I got reports of a bunch of robins, so I’m guessing a bunch moved in overnight. Looks like there’s some activity on the radar this evening. I’ll have to check prior years to see if this is early (and I got my radar scripts working again, so will have the archive getting saved going forward).

I was invited to dinner with some folks this evening, and while there saw a couple of moths attracted to the window. They’re the first I’ve seen this year (and it seems a bit early perhaps, though given the warm winter, not really surprising). One was a Tortricid I think, the other may have been an American Angle Shades (Euplexia benesimilis), but I’m not sure.

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Whalefest Food Web Cruise

I can’t quite remember how many of the March Whalefest Food Web cruises I’ve participated in, but I think today might have been my 5th or 6th. The weather wasn’t ideal, certainly not as nice as last year’s cruise. The Allen Marine boat we were in was big enough to be minimally effected by the surface chop from gusty winds associated with rain squalls, but there was a pretty good swell coming in from the south (it was 13 foot seas out at the buoy), and the herring fleet (reduced as it is in this year’s co-op fishery) was set up between Gagarin Island and Kruzof, so it was not super comfortable and we did not stay long before heading back in and spending a little more time in the relatively calm waters of Eastern Channel (where we got our best looks as whales). We did see a nice assortment of marine mammals and birds, so I think people enjoyed the trip, and it’s also nice to be supporting WhaleFest, so I think folks were probably reasonably well satisfied.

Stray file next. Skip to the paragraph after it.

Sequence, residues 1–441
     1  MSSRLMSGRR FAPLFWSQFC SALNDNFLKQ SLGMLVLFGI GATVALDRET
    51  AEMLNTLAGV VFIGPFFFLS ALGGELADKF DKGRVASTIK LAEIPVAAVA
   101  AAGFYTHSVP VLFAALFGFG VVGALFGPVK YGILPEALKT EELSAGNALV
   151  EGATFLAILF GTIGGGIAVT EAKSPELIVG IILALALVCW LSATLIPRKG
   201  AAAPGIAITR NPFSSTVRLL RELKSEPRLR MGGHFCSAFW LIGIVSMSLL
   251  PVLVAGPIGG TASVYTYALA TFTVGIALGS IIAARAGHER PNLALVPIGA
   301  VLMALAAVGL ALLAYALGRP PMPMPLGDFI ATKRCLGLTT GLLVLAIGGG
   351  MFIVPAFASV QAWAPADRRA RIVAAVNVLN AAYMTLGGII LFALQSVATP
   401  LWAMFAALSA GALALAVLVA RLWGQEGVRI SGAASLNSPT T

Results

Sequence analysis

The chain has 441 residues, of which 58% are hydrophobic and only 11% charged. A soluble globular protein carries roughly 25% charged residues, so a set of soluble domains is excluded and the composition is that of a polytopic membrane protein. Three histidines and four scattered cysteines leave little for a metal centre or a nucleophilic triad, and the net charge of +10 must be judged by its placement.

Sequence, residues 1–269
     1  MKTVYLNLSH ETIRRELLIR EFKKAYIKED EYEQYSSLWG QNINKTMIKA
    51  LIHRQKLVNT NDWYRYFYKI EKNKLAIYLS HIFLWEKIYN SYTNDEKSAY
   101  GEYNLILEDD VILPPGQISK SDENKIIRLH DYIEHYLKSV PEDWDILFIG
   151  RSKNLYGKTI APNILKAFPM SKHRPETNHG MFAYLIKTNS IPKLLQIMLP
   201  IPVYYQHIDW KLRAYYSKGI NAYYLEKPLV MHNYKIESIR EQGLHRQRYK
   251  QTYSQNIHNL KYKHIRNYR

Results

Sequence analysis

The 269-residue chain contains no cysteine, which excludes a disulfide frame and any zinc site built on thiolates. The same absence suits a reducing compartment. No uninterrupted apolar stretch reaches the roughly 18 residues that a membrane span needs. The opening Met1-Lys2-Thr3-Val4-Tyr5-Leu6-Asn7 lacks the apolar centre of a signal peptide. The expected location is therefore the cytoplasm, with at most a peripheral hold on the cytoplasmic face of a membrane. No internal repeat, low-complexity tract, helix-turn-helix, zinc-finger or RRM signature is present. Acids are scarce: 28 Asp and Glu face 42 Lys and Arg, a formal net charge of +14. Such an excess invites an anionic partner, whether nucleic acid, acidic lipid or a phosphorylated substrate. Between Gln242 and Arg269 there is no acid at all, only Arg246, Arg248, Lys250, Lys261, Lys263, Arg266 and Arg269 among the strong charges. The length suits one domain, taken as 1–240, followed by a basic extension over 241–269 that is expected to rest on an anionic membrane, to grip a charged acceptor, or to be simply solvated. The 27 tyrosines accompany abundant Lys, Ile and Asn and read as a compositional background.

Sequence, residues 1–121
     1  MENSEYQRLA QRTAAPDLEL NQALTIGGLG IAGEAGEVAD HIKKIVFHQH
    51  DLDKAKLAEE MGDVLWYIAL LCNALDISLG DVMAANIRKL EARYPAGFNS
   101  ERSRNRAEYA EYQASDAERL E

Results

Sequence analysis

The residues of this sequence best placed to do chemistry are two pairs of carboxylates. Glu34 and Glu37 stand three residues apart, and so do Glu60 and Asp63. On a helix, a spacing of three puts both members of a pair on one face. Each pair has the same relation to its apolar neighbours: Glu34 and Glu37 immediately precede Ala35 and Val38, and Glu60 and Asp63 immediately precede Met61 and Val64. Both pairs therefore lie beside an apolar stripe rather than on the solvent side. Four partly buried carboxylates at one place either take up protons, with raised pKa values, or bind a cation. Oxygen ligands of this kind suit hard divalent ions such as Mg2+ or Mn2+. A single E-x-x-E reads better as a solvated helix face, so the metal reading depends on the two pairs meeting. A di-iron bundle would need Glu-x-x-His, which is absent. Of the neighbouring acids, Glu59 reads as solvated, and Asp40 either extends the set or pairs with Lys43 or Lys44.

This afternoon I headed out again in a much smaller boat with some friends. The hope was to maybe see a California Sea Lion or other interesting birds, but conditions were just not very conducive to seeing much.

I spent a little time sitting on the south porch this evening. I noticed at least one robin (and at times maybe more) that seemed to be engaging in sentinel behavior in the large alders along Biorka Street south of my house. I didn’t realize it when I first sat down, but the neighbor was doing some cooking on an outdoor grill, so I wondered if perhaps that’s what had the robin’s attention.